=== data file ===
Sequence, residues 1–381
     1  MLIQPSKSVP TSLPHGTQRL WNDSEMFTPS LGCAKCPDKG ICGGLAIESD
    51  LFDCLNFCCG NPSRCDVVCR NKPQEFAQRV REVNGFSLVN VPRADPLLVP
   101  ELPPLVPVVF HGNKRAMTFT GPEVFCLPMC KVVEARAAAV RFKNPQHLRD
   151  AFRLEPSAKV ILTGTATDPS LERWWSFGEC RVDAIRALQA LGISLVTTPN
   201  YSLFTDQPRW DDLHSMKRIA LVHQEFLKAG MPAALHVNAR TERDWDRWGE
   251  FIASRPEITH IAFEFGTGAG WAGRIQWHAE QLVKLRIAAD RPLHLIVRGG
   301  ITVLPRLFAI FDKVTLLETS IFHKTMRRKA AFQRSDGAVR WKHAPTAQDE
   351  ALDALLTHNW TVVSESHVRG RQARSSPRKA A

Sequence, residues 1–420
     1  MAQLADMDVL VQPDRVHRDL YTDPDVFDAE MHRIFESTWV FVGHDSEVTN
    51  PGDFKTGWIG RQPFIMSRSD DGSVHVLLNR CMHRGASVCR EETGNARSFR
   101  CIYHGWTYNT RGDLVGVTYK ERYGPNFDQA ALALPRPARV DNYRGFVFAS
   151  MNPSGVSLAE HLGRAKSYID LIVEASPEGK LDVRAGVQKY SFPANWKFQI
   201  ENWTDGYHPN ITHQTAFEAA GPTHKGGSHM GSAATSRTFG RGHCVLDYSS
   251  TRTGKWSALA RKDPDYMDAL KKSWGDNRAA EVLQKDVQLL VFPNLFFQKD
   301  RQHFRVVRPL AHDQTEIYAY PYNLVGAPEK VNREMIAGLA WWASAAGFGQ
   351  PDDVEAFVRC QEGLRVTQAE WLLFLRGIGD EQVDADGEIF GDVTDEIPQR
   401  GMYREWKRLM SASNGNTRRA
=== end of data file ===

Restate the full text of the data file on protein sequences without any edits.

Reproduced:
Sequence, residues 1–381
     1  MLIQPSKSVP TSLPHGTQRL WNDSEMFTPS LGCAKCPDKG ICGGLAIESD
    51  LFDCLNFCCG NPSRCDVVCR NKPQEFAQRV REVNGFSLVN VPRADPLLVP
   101  ELPPLVPVVF HGNKRAMTFT GPEVFCLPMC KVVEARAAAV RFKNPQHLRD
   151  AFRLEPSAKV ILTGTATDPS LERWWSFGEC RVDAIRALQA LGISLVTTPN
   201  YSLFTDQPRW DDLHSMKRIA LVHQEFLKAG MPAALHVNAR TERDWDRWGE
   251  FIASRPEITH IAFEFGTGAG WAGRIQWHAE QLVKLRIAAD RPLHLIVRGG
   301  ITVLPRLFAI FDKVTLLETS IFHKTMRRKA AFQRSDGAVR WKHAPTAQDE
   351  ALDALLTHNW TVVSESHVRG RQARSSPRKA A

Sequence, residues 1–420
     1  MAQLADMDVL VQPDRVHRDL YTDPDVFDAE MHRIFESTWV FVGHDSEVTN
    51  PGDFKTGWIG RQPFIMSRSD DGSVHVLLNR CMHRGASVCR EETGNARSFR
   101  CIYHGWTYNT RGDLVGVTYK ERYGPNFDQA ALALPRPARV DNYRGFVFAS
   151  MNPSGVSLAE HLGRAKSYID LIVEASPEGK LDVRAGVQKY SFPANWKFQI
   201  ENWTDGYHPN ITHQTAFEAA GPTHKGGSHM GSAATSRTFG RGHCVLDYSS
   251  TRTGKWSALA RKDPDYMDAL KKSWGDNRAA EVLQKDVQLL VFPNLFFQKD
   301  RQHFRVVRPL AHDQTEIYAY PYNLVGAPEK VNREMIAGLA WWASAAGFGQ
   351  PDDVEAFVRC QEGLRVTQAE WLLFLRGIGD EQVDADGEIF GDVTDEIPQR
   401  GMYREWKRLM SASNGNTRRA